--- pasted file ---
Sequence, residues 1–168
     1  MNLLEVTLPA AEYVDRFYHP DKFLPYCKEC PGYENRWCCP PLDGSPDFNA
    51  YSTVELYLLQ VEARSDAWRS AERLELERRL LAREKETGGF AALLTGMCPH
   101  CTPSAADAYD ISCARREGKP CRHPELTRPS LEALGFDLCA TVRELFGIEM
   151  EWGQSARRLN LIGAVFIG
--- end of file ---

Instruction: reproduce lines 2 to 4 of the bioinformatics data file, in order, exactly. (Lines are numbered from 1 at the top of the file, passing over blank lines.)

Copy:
     1  MNLLEVTLPA AEYVDRFYHP DKFLPYCKEC PGYENRWCCP PLDGSPDFNA
    51  YSTVELYLLQ VEARSDAWRS AERLELERRL LAREKETGGF AALLTGMCPH
   101  CTPSAADAYD ISCARREGKP CRHPELTRPS LEALGFDLCA TVRELFGIEM